New ruins reveal vast, rich tombs and even when the plague came to Thebes.
Even modern places such as Cairo’s museum and slums deliver unexpected historic gems.
Too often, it might appear as if Egypt’s dunes no longer deliver Giza-grade delights.
While it would be extremely difficult to top the famous pyramids, incredible discoveries are still being made.
Undoubtedly, one of the hottest topics in the field of OT biblical studies in recent years is the dating of the Exodus. Essentially, there are two prevailing positions: the early Exodus view, which contends that the Israelite Exodus transpired during the middle of the 15th century BC, and the late Exodus view, which purports that the Israelites actually left Egypt nearly 200 years later, during the 13th century BC.
Gambling has been of interest to the Greeks since ancient times and it seems that we haven’t forgotten the bad habits of the past.
In 2014, Russian divers found traces of his army near Pharos Island, which is located near Alexandria.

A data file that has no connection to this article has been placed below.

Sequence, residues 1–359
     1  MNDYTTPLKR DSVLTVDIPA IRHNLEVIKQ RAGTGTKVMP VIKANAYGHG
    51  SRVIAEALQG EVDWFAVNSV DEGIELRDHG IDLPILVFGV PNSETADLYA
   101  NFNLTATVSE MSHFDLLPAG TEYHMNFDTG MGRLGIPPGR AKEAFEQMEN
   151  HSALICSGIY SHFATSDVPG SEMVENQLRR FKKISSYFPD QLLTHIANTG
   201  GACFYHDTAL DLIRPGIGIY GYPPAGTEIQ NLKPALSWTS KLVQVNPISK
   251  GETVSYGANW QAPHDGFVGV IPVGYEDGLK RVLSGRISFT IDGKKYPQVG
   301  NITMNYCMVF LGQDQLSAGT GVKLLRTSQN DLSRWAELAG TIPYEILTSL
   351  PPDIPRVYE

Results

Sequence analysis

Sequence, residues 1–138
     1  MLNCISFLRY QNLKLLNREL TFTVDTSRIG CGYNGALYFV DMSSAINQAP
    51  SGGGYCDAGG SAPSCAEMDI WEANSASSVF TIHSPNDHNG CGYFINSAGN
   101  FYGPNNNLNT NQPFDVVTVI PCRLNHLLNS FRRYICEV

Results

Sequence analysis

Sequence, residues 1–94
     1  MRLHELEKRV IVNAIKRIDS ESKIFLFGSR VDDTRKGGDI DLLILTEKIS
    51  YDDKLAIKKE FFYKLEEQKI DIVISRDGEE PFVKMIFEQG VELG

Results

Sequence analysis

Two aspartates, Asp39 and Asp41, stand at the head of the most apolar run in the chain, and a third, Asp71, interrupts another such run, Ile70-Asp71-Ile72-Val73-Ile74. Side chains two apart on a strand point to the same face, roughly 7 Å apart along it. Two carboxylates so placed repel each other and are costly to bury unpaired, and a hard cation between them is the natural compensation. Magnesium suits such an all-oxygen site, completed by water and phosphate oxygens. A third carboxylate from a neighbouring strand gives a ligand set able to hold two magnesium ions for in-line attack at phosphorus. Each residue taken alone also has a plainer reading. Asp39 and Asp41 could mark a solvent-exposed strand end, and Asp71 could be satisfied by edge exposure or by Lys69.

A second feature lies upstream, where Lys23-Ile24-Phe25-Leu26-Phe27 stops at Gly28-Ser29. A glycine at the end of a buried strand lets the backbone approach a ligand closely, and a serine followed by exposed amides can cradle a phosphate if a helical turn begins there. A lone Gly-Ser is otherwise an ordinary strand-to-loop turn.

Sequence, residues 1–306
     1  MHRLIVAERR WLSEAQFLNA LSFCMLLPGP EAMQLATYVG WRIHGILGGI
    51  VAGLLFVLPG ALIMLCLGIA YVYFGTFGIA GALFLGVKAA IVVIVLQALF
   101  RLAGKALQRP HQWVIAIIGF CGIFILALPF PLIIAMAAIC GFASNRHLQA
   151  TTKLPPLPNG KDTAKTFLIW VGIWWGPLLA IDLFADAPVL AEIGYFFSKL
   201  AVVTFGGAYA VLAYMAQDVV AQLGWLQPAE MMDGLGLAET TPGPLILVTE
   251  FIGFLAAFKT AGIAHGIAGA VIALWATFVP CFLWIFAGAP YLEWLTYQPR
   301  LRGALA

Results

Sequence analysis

The island once held the highest building of the time—a lighthouse that reached 117 meters (384 ft) into the sky.
Determined to rule the land of the pharaohs, he fought off the British successfully until the lure of power got the best of him.
The English nabbed Egypt while Napoleon was attempting a coup in France.
The importance of Hazor’s contribution to the debate on the timing of the Exodus cannot be underestimated, as “Hazor provides the only possible evidence for an Israelite conquest of Canaan in the late 13th century” BC.[ Hazor—strategically located on the Great Trunk Road, which is the main commercial highway that cut through Canaan and was part of the principal military route throughout the Late Bronze Age (1550–1200 BC)—thus is at the center of the debate over the timing of the Exodus, since it was both destroyed by Joshua and destroyed in the 13th century BC.